Jorge Armony, Ph.D.

Jorge Armony



6875 Boulevard LaSalle
Montréal, QC
H4H 1R3

 Office:F-1146, Pavillon Frank B. Common

 Office phone: (514) 761-6131 x3360

 Fax: (514) 888-4064

Researcher, Douglas Research Centre
Associate Professor, Department of Psychiatry, McGill University

Lab name: Emotions, fMRI, PTSD

Theme-Based Group: Stress, Anxiety, Depression, and Suicide
Division: Human Neuroscience


Much of our current understanding of stress-related disorders – including Post-Traumatic Stress Disorder (PTSD), phobias, panic attack, and generalized anxiety – comes from studying how the brain processes fear.
Jorge Armony, PhD conducts research on how the brain detects stimuli in the environment that may signal threat or danger, and how this mechanism interacts with other processes, such as consciousness, attention, and memory.
In his quest for answers, Jorge Armony uses several state-of-the-art research techniques, including functional magnetic resonance imaging (fMRI), behavioral and physiological measures (i.e. skin conductance and heart rate), as well as computational modeling.
He has made significant contributions toward the understanding of psychiatric disorders involving dysfunctions of the fear system. For example, Jorge Armony recently found behavioural and anatomical correlates for the modulation of spatial attention by emotion using a fear conditioning paradigm. These findings further characterized the role of the amygdala in fear processing, as well as defining selective roles for the frontal, parietal, and lateral orbitofrontal cortices in spatial attention.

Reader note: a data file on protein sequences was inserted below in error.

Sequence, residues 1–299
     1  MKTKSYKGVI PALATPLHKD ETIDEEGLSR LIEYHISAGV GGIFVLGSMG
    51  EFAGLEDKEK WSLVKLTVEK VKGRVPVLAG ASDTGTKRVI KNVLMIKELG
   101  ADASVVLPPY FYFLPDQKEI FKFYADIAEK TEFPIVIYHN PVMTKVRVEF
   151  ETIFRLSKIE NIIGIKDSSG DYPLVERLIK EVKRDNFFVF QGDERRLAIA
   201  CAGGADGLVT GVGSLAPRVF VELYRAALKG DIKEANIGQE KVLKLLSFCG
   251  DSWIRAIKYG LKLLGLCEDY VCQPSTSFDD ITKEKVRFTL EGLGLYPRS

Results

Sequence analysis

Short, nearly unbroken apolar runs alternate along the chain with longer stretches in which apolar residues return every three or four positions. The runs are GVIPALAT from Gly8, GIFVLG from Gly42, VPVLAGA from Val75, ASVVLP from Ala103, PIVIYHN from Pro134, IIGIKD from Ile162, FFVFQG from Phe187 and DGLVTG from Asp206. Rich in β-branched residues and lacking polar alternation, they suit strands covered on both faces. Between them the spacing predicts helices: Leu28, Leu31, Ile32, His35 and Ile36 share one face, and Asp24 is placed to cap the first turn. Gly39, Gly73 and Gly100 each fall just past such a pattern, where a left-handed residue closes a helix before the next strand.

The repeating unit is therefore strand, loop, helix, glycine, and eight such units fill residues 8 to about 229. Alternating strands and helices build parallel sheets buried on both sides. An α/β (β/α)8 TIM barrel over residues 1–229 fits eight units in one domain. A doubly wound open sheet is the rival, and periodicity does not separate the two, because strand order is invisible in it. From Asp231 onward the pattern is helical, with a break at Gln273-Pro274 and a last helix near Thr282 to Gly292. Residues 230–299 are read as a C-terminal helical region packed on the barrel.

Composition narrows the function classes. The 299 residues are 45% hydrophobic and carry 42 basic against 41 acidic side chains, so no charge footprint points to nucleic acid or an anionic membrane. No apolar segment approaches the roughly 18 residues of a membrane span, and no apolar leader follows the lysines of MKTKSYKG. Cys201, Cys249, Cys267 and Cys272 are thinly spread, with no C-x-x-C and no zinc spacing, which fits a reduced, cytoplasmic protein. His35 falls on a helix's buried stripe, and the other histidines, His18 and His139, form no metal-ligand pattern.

Jorge Armony Laboratory
The lab uses functional magnetic resonance imaging (fMRI) to study the neural bases of human emotional processing.
The lab’s members look at how the detection of environmental stimuli (that signal impending danger) may interact with other brain processes, such as attention, memory and awareness.
This research should be particularly relevant for the understanding of certain anxiety disorders, especially PTSD (Post-Traumatic Stress Disorder).

Research Projects

  • Neural bases of emotion-attention interactions in humans
    J. Armony
  • A neurocognitive investigation of the recovery process in PTSD
    J. Armony, A. Brunet
  • Perception of emotional non-speech vocalizations
    J. Armony, P. Belin, S. Fecteau
  • Influence of emotional expression on memory for faces
    J. Armony, M. Lepage, K. Sergerie
  • Processing of “unseen” emotional stimuli in hemispherectomized patients
    J. Armony, S. Leh, A. Ptito
  • Computational models of emotion
    J. Armony, E. Law, D. Precup

Post-doctoral fellow

Jen Barrett, PhD

Graduate Students
Erin Dickie

Sandra Leh, MSc

Karine Sergerie, MSc
Other lab: Laboratory of Martin Lepage, PhD

Undergraduate students
Caroline Chochol

Karin Pietruska

Research staff
Rina Zelmann